Postgame Spread
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Tuesday, January 13, 2009

Our Long Regional Nightmare Is Over    


I'm not entirely sure Jim Rice got into the Hall of Fame for the right reasons. His statistical argument is weak, as he's one of those guys who looks less impressive now that we monitor walks and OBP so closely. I sure don't think he got 23 people to change their minds strictly on merit, not when old farts can use their ballots to blow off Rickey Henderson as a personal fuck-you. I can assure you that stat nerds are not happy about this, especially when adding in Bert Blyleven's continued absence.

But regardless, Jim Rice deserves to be there. I really don't care how he did it. I don't want to know how they make hot dogs. I just want to eat them. The outcome today was the right one.

I only have vague recollections of Jim Ed, three of which I can share:

1. My earliest baseball memory is the first game I ever went to, sometime in 1984 before I really cared about baseball. We sat along the first base line, and I mostly just played with my friend. But the only strong memory I have left is that when it was time to go, sometime around the 6th inning, my friend's dad said we should "wait for Jim Rice to get a hit." I couldn't tell you if he did. I think he did. But I can't say I was very concerned about it. I was pooped.

2. The next time I went to Fenway, I remembered every detail. I'd spent the summer obsessed with baseball cards and the Red Sox. I eventually convinced my mom to take me to the box office so we could pick up some tickets. I can still see the gigantic season schedule that hung above the ticket windows. I was so excited when game day came along... September 7, 1986. Bruce Hurst shut out Minnesota, 9-0. My dad and I sat all the way out in right field, near Pesky's Pole. Bill Buckner hit a home run into our section, a few rows away from us, which blew my little mind. I remember two different putouts at home plate in the same inning, one coming from Wade Boggs at third, the other coming from none other than Jim Rice.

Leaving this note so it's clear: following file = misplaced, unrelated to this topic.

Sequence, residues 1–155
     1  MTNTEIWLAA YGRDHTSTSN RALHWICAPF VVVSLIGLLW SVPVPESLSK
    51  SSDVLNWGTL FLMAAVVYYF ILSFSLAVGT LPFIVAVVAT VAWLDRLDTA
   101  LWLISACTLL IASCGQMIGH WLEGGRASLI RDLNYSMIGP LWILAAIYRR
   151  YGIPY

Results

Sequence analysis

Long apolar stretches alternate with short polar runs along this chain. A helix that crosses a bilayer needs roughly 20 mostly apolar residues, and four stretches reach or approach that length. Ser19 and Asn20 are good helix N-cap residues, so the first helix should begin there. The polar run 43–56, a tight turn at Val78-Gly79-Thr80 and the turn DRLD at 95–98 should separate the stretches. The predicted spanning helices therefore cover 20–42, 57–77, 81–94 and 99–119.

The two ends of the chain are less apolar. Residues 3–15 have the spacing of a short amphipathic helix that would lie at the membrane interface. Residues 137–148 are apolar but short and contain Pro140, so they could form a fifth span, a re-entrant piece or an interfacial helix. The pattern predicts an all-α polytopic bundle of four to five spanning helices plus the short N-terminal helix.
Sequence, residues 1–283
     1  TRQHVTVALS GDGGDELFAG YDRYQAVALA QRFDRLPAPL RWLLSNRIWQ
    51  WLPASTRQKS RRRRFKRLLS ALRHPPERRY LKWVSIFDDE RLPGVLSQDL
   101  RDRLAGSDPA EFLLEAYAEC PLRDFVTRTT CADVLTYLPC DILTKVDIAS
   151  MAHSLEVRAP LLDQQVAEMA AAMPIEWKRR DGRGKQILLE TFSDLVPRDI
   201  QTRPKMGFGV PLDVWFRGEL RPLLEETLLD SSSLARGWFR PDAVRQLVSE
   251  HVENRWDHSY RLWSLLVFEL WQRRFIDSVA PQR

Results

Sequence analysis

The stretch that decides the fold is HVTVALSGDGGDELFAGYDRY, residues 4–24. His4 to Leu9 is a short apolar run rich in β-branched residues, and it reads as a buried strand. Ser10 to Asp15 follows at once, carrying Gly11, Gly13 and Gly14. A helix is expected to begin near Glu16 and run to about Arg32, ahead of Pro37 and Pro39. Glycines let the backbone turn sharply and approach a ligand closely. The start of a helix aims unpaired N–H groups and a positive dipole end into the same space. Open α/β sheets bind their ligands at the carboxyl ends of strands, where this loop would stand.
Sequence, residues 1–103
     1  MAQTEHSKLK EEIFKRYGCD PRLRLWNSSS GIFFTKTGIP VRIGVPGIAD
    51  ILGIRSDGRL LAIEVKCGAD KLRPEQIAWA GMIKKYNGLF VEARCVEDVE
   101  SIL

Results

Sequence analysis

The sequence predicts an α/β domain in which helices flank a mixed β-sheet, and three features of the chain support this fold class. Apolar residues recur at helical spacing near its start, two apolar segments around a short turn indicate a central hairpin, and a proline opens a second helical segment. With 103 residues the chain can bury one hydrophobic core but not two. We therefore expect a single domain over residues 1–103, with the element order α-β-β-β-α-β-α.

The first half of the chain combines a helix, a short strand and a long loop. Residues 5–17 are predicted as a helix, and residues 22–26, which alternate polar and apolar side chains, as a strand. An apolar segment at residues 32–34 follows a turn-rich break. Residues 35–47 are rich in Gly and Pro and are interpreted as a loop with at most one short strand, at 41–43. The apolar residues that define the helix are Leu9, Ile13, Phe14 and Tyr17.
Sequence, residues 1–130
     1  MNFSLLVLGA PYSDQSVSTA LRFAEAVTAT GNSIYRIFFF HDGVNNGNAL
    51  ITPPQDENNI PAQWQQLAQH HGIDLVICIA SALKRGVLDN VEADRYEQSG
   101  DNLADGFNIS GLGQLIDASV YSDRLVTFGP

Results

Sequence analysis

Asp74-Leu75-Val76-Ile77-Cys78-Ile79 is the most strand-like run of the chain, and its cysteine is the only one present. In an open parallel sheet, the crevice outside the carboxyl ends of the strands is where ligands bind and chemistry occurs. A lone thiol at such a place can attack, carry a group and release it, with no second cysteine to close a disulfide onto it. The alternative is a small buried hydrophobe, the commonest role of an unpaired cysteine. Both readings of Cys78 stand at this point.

But the highlight of the game, as Baseball Reference's WPA-o-Meter corroborates, was Jim Rice's grand slam into the bullpen. It was the first home run I ever saw. I can still see it in the air, everyone around me standing up to will the ball outwards, the ball flying swiftly into the benches, Fenway rising up. It was a lesson. You could watch a million games, and you'd never understand what it was like to be there. 1986 ended badly, but Jim Ed was in many ways my official introduction to baseball.

3. The infamous incident a couple weeks later when a typical jackass Yankee fan grabbed Rice's hat and tried to shove it down his own pants as Jim Ed chased after him. I remember watching TV38 and the cameras watching Jim, staring this douchebag down until he surrendered the hat. Lots of other folks jumped in, including noted roidbag Roger Clemens. Jim Ed jumping into the stands that day sets the standard for running-into-the-stands behavior. Do it for a good reason, and don't punch nobody. (Future entrants would not follow these ground rules.)

By the time I began paying oh-so-close attention to the game, Jim was washed up. Years' worth of back problems came home to roost. But he was the face of the Boston Red Sox when I became a baseball fan, and still one of the looming figures in the American League. Jim Rice, for me, is my first. He still stands as the ultimate example of right-handed power. And rightly so.

Congratulations, Jim Ed. And make sure your acceptance speech ends with "suck it, Neyer."

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